The Digital Millennium Copyright Act (DMCA) is one of those US legal solutions passed all the way back in 1990s to regulate what was then an emerging internet, and has not aged well.
The DMCA can be used to attack any attempt to circumvent digital rights management, DRM, that's put in place as a means to protect copyright. But this rule has been prone to outright abuse, in addition to accidental removal of legitimate content that can result in financial damages to smaller players in the game.
(MEMBERS: Check out our deep-dive on the? DMCA being used for censorship here)
Speaking about outright abuse, it's not unheard of for posts on Twitter or elsewhere on social media to be hit with false DMCA strikes simply for reporting about piracy.
It's a messy scene, in other words, and the case of a Netflix impostor abusing the system on a mass scale only proves this point.
Google was the recipient of this huge and sudden spike in the number of takedown notices targeting offending URLs in its search result, allegedly sent by Netflix. These went from several thousand to over a million a week.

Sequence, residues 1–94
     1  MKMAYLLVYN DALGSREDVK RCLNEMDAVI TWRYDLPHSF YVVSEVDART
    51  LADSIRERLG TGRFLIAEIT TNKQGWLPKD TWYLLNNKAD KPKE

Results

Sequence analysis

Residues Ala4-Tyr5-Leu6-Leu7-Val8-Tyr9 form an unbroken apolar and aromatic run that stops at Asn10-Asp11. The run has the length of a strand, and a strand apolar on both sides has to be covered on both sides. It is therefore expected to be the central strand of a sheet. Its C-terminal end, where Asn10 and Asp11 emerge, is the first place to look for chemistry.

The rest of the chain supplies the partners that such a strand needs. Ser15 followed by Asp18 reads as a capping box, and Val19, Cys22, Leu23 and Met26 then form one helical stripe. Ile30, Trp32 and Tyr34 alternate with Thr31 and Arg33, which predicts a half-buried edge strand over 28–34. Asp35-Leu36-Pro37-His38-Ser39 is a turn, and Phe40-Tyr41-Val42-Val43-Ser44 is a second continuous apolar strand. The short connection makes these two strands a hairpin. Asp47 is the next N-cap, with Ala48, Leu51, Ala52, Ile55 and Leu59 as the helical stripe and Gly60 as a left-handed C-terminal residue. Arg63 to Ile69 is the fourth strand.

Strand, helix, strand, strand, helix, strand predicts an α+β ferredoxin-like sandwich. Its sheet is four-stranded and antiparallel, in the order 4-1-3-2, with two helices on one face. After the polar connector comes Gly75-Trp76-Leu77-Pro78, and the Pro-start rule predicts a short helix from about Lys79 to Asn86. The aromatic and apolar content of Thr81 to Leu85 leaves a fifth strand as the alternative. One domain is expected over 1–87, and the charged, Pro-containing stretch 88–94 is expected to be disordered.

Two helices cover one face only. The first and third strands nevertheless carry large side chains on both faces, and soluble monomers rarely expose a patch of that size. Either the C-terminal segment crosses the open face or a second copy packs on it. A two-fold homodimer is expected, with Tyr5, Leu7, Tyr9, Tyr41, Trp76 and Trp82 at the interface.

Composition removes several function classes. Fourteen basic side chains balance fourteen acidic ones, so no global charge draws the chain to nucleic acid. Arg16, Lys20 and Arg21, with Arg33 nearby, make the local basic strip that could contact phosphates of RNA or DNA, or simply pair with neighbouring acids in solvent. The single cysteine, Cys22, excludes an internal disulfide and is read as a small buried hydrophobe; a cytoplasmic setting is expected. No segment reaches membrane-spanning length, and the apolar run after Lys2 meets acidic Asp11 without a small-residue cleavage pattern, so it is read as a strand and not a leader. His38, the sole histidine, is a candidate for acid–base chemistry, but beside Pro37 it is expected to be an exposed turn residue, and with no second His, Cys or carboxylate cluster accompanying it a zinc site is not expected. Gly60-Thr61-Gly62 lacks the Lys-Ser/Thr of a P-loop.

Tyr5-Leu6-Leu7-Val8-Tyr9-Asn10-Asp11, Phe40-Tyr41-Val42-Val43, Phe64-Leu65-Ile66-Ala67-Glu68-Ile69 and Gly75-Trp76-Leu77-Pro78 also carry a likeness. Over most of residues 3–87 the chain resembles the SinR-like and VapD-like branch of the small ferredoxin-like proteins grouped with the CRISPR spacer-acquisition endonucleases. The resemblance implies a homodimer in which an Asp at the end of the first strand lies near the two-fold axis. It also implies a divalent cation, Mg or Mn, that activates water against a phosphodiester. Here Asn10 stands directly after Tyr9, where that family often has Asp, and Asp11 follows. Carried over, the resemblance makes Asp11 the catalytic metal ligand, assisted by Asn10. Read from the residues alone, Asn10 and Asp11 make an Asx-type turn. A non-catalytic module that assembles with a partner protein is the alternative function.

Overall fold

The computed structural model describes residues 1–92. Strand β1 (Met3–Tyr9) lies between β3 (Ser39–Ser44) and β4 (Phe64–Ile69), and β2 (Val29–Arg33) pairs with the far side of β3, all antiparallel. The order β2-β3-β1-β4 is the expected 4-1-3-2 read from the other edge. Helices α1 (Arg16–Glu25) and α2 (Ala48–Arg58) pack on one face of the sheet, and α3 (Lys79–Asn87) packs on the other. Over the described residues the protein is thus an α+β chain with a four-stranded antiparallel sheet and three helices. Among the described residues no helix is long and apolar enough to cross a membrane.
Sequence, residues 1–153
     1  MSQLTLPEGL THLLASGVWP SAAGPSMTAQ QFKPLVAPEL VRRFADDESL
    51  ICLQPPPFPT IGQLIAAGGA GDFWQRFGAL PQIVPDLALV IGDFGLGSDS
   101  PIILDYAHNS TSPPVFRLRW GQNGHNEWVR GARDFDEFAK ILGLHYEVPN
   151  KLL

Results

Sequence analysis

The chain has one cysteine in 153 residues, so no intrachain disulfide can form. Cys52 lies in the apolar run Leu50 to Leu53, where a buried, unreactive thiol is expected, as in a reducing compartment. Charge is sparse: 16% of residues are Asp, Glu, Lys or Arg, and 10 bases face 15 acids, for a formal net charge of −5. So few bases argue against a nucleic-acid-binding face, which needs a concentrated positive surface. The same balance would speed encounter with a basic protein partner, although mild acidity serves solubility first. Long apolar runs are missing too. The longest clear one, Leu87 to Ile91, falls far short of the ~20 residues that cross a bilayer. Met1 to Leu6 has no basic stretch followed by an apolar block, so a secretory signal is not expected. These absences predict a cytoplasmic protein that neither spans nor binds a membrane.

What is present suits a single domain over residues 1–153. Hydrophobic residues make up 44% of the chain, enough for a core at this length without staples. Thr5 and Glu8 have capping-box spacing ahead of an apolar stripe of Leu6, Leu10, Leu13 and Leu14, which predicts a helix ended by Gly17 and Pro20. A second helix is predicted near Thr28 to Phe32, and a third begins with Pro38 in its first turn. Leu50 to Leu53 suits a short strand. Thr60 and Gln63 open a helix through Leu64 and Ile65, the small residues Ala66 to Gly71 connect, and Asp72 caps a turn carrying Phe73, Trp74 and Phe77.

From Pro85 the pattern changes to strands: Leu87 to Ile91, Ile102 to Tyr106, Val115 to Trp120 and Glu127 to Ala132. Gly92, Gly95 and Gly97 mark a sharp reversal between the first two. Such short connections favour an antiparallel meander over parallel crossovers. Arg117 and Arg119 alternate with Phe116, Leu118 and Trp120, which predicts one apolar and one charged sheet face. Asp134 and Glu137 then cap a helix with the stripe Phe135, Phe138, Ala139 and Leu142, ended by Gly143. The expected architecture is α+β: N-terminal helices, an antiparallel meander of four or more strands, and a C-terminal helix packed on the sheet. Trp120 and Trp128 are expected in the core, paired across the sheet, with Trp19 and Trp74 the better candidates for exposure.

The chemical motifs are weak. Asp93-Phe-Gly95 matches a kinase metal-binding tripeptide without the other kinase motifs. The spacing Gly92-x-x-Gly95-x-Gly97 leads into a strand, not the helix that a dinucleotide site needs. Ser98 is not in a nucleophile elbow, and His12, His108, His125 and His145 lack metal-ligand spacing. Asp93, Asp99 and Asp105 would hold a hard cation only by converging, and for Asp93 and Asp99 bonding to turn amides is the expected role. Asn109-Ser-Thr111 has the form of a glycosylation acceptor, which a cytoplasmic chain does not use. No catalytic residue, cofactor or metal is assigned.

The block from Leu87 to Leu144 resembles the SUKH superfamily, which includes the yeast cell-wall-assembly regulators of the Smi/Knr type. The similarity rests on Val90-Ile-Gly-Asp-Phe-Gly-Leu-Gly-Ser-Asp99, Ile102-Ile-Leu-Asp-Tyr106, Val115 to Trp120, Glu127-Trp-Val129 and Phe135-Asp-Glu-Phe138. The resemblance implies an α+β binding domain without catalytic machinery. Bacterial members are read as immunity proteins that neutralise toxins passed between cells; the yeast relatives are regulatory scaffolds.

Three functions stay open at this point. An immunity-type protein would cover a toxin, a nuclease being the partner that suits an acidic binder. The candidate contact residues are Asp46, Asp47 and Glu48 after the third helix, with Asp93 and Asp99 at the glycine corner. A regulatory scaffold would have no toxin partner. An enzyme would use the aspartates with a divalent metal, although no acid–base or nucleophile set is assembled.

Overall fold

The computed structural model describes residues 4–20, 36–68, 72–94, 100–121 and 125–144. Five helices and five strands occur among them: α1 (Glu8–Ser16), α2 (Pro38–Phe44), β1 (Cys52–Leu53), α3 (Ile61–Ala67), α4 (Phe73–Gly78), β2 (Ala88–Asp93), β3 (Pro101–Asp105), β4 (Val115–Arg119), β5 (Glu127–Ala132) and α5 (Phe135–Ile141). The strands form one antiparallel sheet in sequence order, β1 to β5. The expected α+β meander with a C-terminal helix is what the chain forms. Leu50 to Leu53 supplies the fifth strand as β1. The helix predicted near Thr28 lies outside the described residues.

This type of activity got Google's attention and that the giant, suspecting the surge might be the work of a third party abusing the system, is now increasingly rejecting these requests – while at the same time, flagging some of them as abusive and suspecting they are sent by Netflix impostor(s), Torrent Freak reports. At this point, it doesn't even matter to Google that some of the flagged URLs do provide links to pirated content – the giant seems to be interested in stemming the chaotic tide of requests.
What makes these DMCA's suspicious – other than their sheer and sudden volume – is, among other things, the fact they sometimes list content that Netflix doesn't actually own, and are written in poor English.
So – who and why might be throwing a wrench in the proceedings now, demonstrating once again how broken the whole system is?
The report speculates that a pirate streaming site or sites might be going after their rivals by abusing the DMCA and trying to put Google to work in order to eliminate competition.